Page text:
In the last decade, considerable progress has been made towards available global information on size and classification of water bodies through the Global Lakes and Wetlands Database (Lehner & Döll 2004) and the African Water Resource Database (Jenness et al. 2007a,b). However, results of yield modelling are rather old; basic research on variability of yield patterns, its geographical distribution patterns, validity of yield models in relation to river basins or freshwater ecoregions and exploring the reliability of the models is essential.

The developments of GIS, the availability of public online satellite images, data sets of water bodies, rainfall, population density and temperature may allow development of more sophisticated ways of yield modelling, which could lead to better estimates of global inland fisheries landings. In GIS, a number of spatial layers, for example annual catch per hectare, average rainfall, average temperature, population density, can be combined and analysed with a spatial multi-linear regression tools to develop spatial yield models for estimation of actual landings by type of water body. A first step would be to obtain and combine the different layers at a global or regional scale.

Global water database

Lehner and Döll (2004) published a Global Lakes and Wetlands Database (GLWD). The database is publicly available and contains geo-referenced data on water bodies larger than 10 ha. The database can be used and analysed directly in the most common GIS software package. An example of a quick analysis is presented in Figure 1, where the freshwater coverage (in percentage of total land area) and the reported inland fisheries production (in kg ha−1 of freshwater area) are displayed for all countries. The results highlight the geographical differences in production levels indicated by Welcomme et al. (2010). The large area of freshwater in the northern hemisphere, where production levels are rather low, may limit overall estimates of catch.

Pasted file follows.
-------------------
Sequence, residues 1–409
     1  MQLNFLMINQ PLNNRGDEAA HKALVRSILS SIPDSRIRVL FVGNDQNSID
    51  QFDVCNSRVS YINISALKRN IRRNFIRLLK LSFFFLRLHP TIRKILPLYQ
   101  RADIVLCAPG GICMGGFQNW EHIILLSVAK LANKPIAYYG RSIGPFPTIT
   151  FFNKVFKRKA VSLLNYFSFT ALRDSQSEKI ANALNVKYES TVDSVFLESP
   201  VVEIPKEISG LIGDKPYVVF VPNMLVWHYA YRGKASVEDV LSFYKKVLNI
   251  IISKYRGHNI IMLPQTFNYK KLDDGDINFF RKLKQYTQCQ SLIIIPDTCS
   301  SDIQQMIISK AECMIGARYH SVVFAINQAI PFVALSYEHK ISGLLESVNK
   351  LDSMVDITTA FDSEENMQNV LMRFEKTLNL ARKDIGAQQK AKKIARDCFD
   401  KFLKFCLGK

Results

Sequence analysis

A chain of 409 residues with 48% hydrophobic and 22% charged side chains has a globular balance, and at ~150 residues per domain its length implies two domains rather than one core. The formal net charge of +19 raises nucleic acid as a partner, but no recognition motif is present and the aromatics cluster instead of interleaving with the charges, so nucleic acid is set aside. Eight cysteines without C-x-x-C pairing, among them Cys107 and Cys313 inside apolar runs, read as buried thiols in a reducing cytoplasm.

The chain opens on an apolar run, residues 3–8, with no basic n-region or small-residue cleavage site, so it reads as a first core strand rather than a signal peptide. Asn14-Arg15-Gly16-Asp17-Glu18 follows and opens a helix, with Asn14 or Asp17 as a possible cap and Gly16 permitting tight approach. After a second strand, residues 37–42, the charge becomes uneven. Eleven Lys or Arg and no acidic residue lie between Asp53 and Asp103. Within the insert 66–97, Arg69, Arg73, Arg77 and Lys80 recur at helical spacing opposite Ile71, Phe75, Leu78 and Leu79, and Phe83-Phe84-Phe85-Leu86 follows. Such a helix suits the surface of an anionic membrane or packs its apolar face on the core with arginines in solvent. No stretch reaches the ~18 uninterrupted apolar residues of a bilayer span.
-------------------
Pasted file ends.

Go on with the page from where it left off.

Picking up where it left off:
Google Earth

Google Earth displays satellite images of varying resolution of the Earth’s surface, allowing users to zoom in to specific items, water bodies or villages they want to see. Google Earth has a standard global coverage of satellite images, but additional GIS files can be imported in Google Earth as an overlay. By zooming in and clicking on the water body, the different types of water bodies can be easily identified through inbuilt pop-ups.

From a software point of view, the pop-up function in Google Earth could be modified in such a way that data for the identified water bodies, such as number of fishers, annual production, main species, can be added. In a second step, the data provided in the pop-up could be sent to a central data base and used in the development of global layers on inland fisheries, modelling and rapid assessments of value. To be functional, basic key indicators on all types of water bodies need to be added and be related to physical characteristics of the water body, production and socio economics.

Creating a global expert community

A tool using Google Earth and the GLWD to identify and data collected on water bodies does not exist. However, experiences of the FAO FishCode STF and the BigNumbers study indicated that more information is available at local level than is reported at national or at global level. Making better use of this local information could lead to better knowledge of the value of inland fisheries. It will not replace the global statistics or national data collection system, it will only draw upon local available expert information (validated or non-validated) and bring this together in a global or in regional platform(s). The way forward could be the creation of an online global expert community on inland fisheries information using this proposed tool.

For catch estimates, the lake area model to predict inland fisheries production (Welcomme 2011) was based on a database of 450 lakes much of which is now old. Similarly, the river models were based on surveys from as far back as the 1970s. Therefore, larger, contemporaneous data sets will be needed to develop the more sophisticated regional and/or global models needed for the assessment. This can only be achieved through a coordinated programme involving the collaboration of a large community of fisheries scientists and managers, data collectors, social scientists and all those involved in studying small-scale inland fisheries.

References

  1. Top of page
  2. Abstract
  3. Introduction
  4. The official statistic – Inland waters
  5. Why do we need information on inland fisheries?
  6. Constraints in data collection
  7. Alternative approaches
  8. References